Nikon SU-4 Slave Flash Controller

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This recent gadget makes life easier for those people who wish to use multiple flashes or use their Nikon flashes with another brand camera.
Its official name is "Wireless Slave Flash Controller" which sort of implies there may be some radio link, but no, the link is purely the main flash light triggering the slave. In the specifications there is mention of  "infrared communication" which means the unit will have better range than one that just works off visible light.
The unit has no batteries and slips onto the foot of the Nikon flash unit. It has a 120 degree rotation left or right and the sensor has 120 degree rotation up or down. The SU-4 can be mounted on any standard 1/4" thread tripod head.
It comes with a SG-1 diffuser to slip into a hotshoe and lessen the effect of the pop-up flash, if that is the main flash.

This image from the Nikon SU-4 instruction sheet.

Starting from the top centre line and going clockwise, the lines point to - The hotshoe, the +/- 120 deg rotatable foot, the holdoff button to stop other flashes triggering the SU-4, the beep or no-beep selection switch, the Auto/Manual selection switch, the flash sensor, the sensor mount with its +/- 120 degree up/down swivel action. Not shown, the underside of the SU-4 has a standard 1/4 inch tripod socket.

This image from the Nikon SU-4 instruction sheet.

The SG-1 diffuser comes with the SU-4 and provides a way of limiting the pop-up flash output on any brand camera. Not checked yet on all brands, so far only on Nikon F70 and Pentax MZ series (ZX series). It slides into the flash shoe and the diffusing screen (milky white plastic) can be flipped up out of the way if you wish to use the pop-up directly.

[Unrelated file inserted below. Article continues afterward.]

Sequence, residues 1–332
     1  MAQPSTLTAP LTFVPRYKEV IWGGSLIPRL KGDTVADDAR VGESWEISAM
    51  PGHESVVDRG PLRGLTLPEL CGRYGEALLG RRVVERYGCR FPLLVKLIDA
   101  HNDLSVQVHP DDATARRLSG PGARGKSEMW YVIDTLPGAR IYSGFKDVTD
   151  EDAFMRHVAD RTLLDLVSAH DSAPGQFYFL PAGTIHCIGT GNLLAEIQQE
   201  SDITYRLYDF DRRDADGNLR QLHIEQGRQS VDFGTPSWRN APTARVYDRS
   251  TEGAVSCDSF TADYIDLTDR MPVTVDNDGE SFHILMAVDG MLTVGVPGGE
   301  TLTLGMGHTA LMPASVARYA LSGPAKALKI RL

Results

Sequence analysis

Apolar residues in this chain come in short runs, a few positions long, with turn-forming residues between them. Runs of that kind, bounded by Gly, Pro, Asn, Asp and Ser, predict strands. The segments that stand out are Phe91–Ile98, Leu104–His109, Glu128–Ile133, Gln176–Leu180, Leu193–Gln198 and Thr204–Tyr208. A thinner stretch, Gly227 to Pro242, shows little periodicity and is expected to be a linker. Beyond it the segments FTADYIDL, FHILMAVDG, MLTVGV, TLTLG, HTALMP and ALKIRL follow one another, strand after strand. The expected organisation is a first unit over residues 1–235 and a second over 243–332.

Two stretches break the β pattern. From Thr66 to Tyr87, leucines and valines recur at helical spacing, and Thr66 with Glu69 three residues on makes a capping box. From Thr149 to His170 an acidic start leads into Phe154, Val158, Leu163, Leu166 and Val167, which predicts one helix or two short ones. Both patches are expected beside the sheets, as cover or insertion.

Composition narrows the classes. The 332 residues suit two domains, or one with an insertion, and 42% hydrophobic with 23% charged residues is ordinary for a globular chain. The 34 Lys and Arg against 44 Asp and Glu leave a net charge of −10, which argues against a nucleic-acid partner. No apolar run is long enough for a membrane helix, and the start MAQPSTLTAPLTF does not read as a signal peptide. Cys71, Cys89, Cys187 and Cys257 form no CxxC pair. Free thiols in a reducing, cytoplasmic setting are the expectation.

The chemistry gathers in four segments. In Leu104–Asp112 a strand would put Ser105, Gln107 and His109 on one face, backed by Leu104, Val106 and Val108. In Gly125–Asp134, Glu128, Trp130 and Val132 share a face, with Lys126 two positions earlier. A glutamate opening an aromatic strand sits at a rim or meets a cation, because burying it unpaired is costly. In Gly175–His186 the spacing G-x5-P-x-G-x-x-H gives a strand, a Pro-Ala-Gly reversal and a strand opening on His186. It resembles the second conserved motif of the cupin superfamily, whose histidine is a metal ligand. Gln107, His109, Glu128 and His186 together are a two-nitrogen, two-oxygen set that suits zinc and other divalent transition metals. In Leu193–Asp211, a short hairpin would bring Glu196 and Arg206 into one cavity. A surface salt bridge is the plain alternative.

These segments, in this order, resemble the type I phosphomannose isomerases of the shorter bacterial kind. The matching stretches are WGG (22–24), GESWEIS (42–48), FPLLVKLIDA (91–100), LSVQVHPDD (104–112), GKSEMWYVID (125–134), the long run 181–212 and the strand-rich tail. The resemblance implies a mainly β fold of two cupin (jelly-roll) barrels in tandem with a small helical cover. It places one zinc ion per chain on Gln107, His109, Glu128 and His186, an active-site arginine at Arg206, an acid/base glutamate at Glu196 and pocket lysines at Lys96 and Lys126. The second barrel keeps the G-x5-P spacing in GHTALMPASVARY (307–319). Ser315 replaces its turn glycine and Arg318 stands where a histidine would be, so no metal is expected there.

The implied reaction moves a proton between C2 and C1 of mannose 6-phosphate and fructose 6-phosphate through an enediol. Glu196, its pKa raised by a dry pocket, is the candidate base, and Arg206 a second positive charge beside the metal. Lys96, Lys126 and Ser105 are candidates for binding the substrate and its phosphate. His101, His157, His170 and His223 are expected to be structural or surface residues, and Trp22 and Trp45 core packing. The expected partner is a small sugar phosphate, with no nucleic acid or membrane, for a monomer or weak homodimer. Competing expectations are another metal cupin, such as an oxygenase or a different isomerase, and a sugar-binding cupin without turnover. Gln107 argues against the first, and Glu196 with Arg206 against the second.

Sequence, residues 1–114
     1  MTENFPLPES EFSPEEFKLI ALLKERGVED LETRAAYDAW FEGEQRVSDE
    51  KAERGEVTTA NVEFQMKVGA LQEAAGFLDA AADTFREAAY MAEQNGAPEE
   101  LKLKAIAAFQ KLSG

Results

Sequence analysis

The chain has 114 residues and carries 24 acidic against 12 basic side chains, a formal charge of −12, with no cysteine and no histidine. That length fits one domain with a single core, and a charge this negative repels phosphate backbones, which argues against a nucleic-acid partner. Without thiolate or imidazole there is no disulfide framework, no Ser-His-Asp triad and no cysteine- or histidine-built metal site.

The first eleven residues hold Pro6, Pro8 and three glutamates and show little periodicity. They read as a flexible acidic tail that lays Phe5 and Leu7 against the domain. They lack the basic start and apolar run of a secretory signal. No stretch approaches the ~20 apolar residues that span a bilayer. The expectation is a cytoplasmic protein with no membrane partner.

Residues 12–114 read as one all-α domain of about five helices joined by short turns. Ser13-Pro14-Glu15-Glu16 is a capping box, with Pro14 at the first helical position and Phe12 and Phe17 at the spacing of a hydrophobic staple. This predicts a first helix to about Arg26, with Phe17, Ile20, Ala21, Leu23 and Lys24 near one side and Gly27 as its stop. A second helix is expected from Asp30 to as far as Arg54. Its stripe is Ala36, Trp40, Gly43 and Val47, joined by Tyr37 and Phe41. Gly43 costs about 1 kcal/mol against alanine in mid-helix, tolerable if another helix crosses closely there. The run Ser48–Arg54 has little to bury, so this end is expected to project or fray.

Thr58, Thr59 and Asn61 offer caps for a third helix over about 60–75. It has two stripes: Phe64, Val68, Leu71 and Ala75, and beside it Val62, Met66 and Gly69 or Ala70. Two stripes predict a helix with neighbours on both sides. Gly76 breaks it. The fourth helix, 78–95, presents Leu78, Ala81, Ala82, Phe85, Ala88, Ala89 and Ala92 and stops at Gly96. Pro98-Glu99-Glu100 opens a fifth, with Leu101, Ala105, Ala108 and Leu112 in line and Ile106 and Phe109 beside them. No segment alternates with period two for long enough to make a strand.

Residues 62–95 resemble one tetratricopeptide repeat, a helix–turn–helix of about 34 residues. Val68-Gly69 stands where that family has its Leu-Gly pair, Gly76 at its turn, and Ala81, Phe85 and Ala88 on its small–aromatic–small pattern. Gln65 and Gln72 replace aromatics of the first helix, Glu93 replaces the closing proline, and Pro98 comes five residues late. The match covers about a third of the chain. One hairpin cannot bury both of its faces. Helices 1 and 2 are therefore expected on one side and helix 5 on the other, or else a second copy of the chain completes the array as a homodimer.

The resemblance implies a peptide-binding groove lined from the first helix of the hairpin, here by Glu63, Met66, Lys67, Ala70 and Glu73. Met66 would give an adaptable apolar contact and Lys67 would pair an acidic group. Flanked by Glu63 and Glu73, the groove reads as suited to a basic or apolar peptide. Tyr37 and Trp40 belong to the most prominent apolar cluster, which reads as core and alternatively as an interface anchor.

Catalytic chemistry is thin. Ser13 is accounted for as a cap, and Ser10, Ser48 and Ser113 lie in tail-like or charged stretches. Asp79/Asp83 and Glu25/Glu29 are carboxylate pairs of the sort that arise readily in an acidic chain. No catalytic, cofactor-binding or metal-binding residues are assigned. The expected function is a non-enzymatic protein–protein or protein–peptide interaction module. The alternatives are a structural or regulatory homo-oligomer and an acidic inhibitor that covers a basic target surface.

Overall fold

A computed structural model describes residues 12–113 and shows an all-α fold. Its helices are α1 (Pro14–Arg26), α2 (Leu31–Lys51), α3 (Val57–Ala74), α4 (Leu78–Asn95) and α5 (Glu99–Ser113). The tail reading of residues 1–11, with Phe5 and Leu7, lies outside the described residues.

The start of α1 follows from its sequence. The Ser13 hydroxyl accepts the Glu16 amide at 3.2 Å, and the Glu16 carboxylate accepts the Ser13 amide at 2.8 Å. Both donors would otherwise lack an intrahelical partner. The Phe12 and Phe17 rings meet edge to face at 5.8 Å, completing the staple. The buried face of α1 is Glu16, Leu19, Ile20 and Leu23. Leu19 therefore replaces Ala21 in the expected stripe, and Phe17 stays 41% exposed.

Of course Nikon say to only use the SU-4 with Nikon flashes, but I can not see any reason to use any other brand flash as long as it is specifically designed to be compatible with the Nikon TTL flash system and has the same pins in the same places on its foot.

The SU-4 can be used in either "AUTO" mode or "M" mode.
The AUTO mode has to use a Nikon slave flash that is capable of TTL operation. The list at July 1999 in the SU-4 instruction sheet includes SB-28,27,26,25,24,23,22s,22,20,18,16B,15 set to TTL flash mode. The AUTO range is quoted as 7m (23 ft).
The M mode can use any of the above list set to non-TTL auto where the slave flashes' own sensor controls the output, or set to Manual where the slave flash gives the full output and you have to calculate f/stops from distance and guide numbers. The M mode range is quoted as 40m (131 ft).
The SG-1 diffuser also may make the SU-4 sensor work more reliably when the slave is off to the side of the camera. To be effective in TTL mode the SU-4 sensor has to see the flash coming from the main TTL flash. If the sensor could only see its own slave flashes' output, then it would never shut off the slave flash resulting in overexposure of the film but an under exposure indication from the slave flash.

For AUTO mode the master flash can be any brand flash on any brand camera that is TTL controlled. The slave just adds to the general flash illumination and the camera will sense the total light and turn off its flash when enough is received. This main flash turn-off is sensed by the SU-4 and it turns off its slave flash. If not enough illumination was sensed so that the slave unit does not get a turn-off signal before the slave flash capacitor is completely emptied, then the usual Nikon flash underexposure warning noises occur plus the SU-4 will beep for three seconds (if switched to beep mode). If too much light was received then there is no indication of overexposure. Maybe the extremely short flash timing may be a clue, but experience will have to teach you how to set it up properly.

If using two similar flashes with the same output guide number and the zoom setting set the same, one as the master and one as the slave, the illumination can be adjusted to achieve proper lighting ratios by moving the slave either closer to or further away from the subject than the master flash. Experimenting may have to be done to see the effect. Keep notes on setups.